The Early America Library does not yet have a complete curriculum
associated with it. The following recommendations promote some of our
favorite selections for beginning and intermediate students. The
Early America collection does not currently contain any comprehensive
histories suitable for advanced students, but a few especially interesting
books for mature readers are suggested.
Young Readers' Core Selections
These selections are engaging and easy-to-read for elementary school students.
They stick to basic stories of American history and provide an excellent foundation
for future studies. Great Americans for Little Americans is
a short, very easy-to-read introduction to famous Americans, Pratt's American
History Stories series is the closest we have to a comprehensive
American history text for grammar school students, and America First is
an especially good choice for family read-aloud.
Great Americans for Little Americans by Edward Eggleston
This book is a popular introduction to American history for very young readers. It
contains dozens of simply told stories of warriors, statesmen, explorers, scientists,
inventors, men and women of letters, and other famous Americans. Featured are Marquette in
Iowa, Penn and the Indians, Thomas Smith and the beginning of rice culture in South
Carolina, Franklin and the ants, Putnam and the wolf, and dozens of other stories. The
collection of sketches features inspirational stories as well as short histories.
America First by Lawton Evans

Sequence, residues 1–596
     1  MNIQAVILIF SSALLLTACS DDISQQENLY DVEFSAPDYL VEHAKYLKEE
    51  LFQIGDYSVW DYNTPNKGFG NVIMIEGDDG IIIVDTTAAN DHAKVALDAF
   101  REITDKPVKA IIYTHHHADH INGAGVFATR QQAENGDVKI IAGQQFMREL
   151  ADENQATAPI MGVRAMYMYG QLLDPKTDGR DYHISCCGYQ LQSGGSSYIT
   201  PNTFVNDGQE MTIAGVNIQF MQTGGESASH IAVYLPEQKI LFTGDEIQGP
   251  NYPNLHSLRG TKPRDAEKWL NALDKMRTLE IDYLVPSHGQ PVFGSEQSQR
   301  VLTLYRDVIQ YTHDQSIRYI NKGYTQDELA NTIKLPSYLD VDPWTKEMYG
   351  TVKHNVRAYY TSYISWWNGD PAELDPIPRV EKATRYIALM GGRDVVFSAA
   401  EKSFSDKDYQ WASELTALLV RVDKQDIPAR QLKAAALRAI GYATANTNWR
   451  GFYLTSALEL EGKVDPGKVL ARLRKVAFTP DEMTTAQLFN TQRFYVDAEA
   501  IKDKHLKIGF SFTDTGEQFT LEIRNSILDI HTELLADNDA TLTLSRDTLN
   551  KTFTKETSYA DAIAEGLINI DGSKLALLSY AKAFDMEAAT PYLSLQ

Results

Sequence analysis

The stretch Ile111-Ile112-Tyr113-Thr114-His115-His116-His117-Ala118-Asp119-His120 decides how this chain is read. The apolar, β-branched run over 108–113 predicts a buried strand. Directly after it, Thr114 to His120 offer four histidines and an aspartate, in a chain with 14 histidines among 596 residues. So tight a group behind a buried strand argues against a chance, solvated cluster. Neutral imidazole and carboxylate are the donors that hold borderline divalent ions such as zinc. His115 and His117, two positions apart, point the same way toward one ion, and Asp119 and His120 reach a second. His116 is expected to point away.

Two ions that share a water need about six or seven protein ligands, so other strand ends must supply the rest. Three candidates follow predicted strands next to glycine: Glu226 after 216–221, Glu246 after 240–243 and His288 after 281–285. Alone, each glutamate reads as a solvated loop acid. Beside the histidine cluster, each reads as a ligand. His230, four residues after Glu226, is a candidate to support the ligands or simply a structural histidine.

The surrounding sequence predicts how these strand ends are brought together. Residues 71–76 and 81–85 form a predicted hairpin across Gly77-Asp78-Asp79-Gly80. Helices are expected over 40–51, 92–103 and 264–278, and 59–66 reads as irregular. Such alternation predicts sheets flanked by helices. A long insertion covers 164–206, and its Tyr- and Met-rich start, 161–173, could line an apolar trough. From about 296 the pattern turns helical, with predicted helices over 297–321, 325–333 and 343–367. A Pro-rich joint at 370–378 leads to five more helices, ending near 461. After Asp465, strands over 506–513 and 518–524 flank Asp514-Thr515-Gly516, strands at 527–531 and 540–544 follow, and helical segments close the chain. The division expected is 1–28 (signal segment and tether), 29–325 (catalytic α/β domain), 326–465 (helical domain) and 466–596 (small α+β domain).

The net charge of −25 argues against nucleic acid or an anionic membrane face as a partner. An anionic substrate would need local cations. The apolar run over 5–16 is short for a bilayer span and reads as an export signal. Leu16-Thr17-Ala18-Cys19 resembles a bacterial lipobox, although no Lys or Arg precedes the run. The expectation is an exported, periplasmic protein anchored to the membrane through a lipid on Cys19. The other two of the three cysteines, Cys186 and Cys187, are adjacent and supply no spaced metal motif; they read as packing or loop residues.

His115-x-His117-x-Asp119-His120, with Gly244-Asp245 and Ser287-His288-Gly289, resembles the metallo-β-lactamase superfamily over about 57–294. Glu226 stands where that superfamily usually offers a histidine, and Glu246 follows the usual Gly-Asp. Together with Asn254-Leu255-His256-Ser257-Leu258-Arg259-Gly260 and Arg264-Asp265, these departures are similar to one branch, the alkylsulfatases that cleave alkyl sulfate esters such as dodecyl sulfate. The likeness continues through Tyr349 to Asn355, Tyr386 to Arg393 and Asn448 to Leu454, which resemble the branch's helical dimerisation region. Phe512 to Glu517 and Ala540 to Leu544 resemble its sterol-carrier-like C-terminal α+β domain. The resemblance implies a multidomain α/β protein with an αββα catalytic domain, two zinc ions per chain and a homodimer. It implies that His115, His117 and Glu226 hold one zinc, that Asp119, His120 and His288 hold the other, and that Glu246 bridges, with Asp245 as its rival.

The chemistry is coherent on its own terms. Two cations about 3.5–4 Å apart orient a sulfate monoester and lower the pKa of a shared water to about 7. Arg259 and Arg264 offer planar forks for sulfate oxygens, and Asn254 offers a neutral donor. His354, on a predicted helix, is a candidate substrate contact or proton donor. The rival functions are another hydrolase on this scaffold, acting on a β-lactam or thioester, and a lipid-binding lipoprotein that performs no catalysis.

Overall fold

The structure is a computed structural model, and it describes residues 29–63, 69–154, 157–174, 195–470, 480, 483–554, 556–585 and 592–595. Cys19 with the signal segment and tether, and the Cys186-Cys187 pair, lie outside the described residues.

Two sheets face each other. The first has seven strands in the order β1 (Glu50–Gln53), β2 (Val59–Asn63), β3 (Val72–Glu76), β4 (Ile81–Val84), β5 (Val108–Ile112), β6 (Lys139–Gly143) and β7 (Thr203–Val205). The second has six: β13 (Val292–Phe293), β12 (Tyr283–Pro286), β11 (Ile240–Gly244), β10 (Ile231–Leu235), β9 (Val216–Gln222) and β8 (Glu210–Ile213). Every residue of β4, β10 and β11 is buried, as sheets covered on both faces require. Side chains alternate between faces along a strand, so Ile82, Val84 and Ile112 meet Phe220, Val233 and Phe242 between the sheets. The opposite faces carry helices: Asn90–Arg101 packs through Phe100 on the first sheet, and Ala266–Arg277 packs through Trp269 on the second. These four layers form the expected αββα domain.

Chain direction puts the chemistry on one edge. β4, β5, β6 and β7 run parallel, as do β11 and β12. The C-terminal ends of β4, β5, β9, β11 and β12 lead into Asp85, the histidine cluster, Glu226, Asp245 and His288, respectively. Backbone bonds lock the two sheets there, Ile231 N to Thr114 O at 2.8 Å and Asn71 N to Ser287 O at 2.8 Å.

This delightful collection of stories from America's past recounts one
hundred interesting and romantic incidents from America's history, and
provides character sketches of dozens of early American heroes and
heroines. It makes no attempt to relate or explain complicated government
issues, and does not provide a chronological or comprehensive account,
but instead focuses on stories of great human interest, and reads like
a book of fairy tales.
American History Stories: Vol I-IV by Mara L. Pratt
This four volume series is a very simple history of the United States
from its colonial age to the end of the civil war. It was written for
grammar school children and relates American history through short stories,
character sketches, poems and songs. The first volume covers the landing
of Columbus through the French and Indian Wars. The second relates the
Revolutionary War period in detail. The third covers the time from the
end of the Revolutionary War to the middle of the 19th century, and the
fourth focuses on the years before, during, and after the civil war.
Richard of Jamestown by James Otis
Richard of Jamestown is only one in a twelve volume series. Each book in James Otis's
Colonial Children series features the story of a young American
pioneer who is among the first settlers of an American colony or
territory. About half of the books feature settlers of early coastal
colonies who migrated from Europe, but the other have tell stories about
girls and boys who settle in the American west. Each story is told in
the first person and focuses on daily life and local incidents. It is
a delightful series and is an excellent introduction to American regional history.
The Story of Abraham Lincoln by Mary A. Hamilton
This easy-to-read biography of Abraham Lincoln is accessible to grammar